If Wittgenstein is correct to assert that practice gives words their sense, then it is logically possible that an understanding of the ontological "argument" Anselm presents in Proslogion requires some level of practical participation in prayer. A close inspection of Anselm's historical context shows that the conceptual distance we stand from him may be too great to be overcome by mere spectatorship. Rather, participation in this case likely requires of the modern reader a reproduction of Anselm's conduct in prayer. If so, Anselm's case falsifies, and thus warrants our resistance of, the commonly presumed disconnect between knowledge and practice.
Fresh out of grad school, I eagerly attended a conference that featured one of the greatest minds of the academic world discussing the existence of God. To his credit, the plenary speaker had noted that Anselm’s ontological argument had taken the literary form of a prayer and that knowing this was important for understanding what Anselm was up to. At the break, I asked him whether Anselm’s context could be adequately described in words or whether one needed to join in at the practical level in order to understand the argument — i.e., the ontological argument only works for those who pray. He dismissed this. He said he was only interested in publicly accessible arguments, and surely arguments about God’s existence require no special attending behaviors to get their point. On the contrary, he assured me, “I only need a day or two of vacation and an occasional change of scenery to rest my mind enough for the concentration necessary to get a clear view of truth.”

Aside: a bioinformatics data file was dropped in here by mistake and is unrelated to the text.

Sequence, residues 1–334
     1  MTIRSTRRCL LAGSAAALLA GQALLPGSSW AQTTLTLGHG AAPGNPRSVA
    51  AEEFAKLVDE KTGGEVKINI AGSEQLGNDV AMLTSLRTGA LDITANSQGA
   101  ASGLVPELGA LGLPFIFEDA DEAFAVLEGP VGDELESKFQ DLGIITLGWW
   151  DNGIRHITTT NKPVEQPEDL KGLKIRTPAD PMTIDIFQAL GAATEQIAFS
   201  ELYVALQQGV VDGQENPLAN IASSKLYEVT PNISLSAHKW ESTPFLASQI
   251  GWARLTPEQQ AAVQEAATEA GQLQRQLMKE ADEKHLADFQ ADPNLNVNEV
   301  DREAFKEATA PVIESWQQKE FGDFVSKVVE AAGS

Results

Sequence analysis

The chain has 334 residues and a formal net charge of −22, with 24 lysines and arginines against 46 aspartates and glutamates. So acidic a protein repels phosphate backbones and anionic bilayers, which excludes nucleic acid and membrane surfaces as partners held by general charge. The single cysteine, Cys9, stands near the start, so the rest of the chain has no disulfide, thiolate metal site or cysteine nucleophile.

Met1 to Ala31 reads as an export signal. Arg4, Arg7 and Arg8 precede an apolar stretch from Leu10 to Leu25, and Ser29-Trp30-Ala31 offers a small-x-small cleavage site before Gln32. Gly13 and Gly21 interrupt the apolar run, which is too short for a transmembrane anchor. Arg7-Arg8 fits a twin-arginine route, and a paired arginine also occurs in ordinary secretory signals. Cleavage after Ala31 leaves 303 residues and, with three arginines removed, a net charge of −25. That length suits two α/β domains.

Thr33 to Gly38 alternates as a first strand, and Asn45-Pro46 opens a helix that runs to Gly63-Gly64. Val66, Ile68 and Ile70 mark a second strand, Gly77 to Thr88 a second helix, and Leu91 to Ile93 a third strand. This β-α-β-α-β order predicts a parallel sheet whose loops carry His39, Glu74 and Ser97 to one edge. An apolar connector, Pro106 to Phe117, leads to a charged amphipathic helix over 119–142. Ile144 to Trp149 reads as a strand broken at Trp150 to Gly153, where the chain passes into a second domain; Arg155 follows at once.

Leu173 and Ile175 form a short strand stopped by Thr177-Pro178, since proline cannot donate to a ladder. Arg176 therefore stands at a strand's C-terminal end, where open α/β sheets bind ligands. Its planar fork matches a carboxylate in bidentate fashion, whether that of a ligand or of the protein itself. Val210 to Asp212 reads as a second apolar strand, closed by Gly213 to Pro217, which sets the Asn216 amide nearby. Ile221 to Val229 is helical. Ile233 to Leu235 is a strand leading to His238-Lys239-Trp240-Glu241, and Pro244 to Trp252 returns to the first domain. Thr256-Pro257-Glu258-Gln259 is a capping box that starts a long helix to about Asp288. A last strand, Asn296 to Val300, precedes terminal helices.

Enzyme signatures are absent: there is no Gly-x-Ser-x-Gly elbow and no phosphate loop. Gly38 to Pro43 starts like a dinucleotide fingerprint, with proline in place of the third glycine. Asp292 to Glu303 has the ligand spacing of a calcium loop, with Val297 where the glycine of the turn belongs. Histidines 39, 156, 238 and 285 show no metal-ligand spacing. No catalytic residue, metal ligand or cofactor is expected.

I find this appalling. In stark contrast to this speaker's view, the assumption that knowledge and practice are internally related has a long and distinguished history. Pascal’s heart had reasons which reason itself knew not of. Luther strove to be a theologian of the cross rather than a theologian of glory. Aquinas surmounted, rather than refuted, the aporias set forth by Aristotle. Athanasius advocated imitating the deeds of the saints as a means of coming to know what saints know. Of course, appreciation of these views was obscured by the Enlightenment.
In this essay, I side with a growing number of recent scholars who are challenging the commonly presumed disconnect between religious knowledge and practice. I want to use Anselm as my point of departure. If two sorts of Wittgensteinian premises are conceded at the outset, I will argue that only those who share in the practice of prayer can be rightly said to share in the sense of Anselm’s words.
Available at: http://works.bepress.com/brad_kallenberg/28/